February 16, 2020
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Hounds, Hares And Punjab's Neo-Nawabs

Hunting hares with greyhounds is the growing status symbol of rich farmers in Punjab villages

Hounds, Hares And Punjab's Neo-Nawabs
T. Narayan
Hounds, Hares And Punjab's Neo-Nawabs
Take a ramble around villages of the Shivalik foothills or the 'Mand' areas near the Beas river in Punjab and chances are that you might run into a wire wound on a wheel, at the other end of which is a dummy hare which is being used to train greyhounds for hunting and racing. Forget for a while the stray Pataudi or Salman Khan who hit the headlines because of their star status. Here in Punjab, the sport of hunting with the hounds, which was once the preserve of royalty, is today the hip thing to do in village after village for all kinds of people, right from the humble farmer to a retired police constable or even the village grocer.

One does not need a rifle for this and the hounds fulfil the dual purpose of being used for track races in rural games. So, if the bigger landlords import the highly prized pedigreed hounds at prices ranging from Rs 2 lakh to as much as Rs 25 lakh each, the smaller ones make do with inferior varieties. Says Sukhdeep Bajwa, an honourary wildlife warden: "Though people who own hounds generally say that they are breeding them for dog races, actually they are commonly used for hunting. In fact, the training of greyhounds for races is generally done with the help of live hares."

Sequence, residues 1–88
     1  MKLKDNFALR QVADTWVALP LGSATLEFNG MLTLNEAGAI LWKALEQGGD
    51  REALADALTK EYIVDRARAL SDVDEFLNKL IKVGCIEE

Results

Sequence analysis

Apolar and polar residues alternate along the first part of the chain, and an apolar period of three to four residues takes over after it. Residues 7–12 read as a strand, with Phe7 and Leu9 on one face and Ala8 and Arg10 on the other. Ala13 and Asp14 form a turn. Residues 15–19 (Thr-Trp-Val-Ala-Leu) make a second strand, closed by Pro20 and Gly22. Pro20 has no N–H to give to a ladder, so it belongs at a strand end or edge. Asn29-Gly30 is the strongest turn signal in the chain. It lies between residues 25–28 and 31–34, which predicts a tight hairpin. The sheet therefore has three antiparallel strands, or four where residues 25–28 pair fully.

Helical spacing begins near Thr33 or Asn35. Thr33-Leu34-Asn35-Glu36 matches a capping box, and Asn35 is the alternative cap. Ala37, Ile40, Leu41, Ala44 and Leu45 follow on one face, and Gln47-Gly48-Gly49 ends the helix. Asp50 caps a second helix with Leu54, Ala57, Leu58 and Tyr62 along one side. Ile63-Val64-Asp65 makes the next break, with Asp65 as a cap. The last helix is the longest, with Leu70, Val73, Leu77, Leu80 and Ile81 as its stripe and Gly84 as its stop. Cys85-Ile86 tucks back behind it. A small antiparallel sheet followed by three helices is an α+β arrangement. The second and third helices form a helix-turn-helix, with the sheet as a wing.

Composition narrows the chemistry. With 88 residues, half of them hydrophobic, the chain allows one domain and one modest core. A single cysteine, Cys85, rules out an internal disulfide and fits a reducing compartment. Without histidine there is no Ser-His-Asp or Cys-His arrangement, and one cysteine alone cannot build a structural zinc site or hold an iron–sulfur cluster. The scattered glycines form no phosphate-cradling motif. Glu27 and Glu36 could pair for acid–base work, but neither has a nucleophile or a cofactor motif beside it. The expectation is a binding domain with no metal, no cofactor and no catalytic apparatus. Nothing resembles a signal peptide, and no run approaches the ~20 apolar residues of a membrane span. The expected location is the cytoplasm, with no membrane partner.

Shikaris reveal that along with the hounds they take flusher dogs like pointers or spaniels which first flush out the hare from the bushes. Once the hare breaks cover and starts running, the hounds are let loose to chase and kill it. Bajwa has apprehended at least five groups hunting with dogs in the last one year or so in Gurdaspur district alone. The bull terrier is also commonly used to hunt wild boar in the Punjab countryside. It's therefore very common to find greyhounds or other good hunting breeds of dogs being reared in villages and equally common to find them chasing wild boar or hare accompanied by a group of enthusiasts.

Says Nazeer, an old shikari turned conservationist: "In the rural areas, this is a good source of entertainment when farmers don't have much to do in the fields. Besides the thrill of a good chase with their dogs, the attraction of getting some good meat to wind up the day is a bonus." Wildlife activists say that it is the hundreds of greyhound enthusiasts, who go on hunts almost on a daily basis, who are responsible for dwindling numbers of wild boar and hare in the Punjab countryside.
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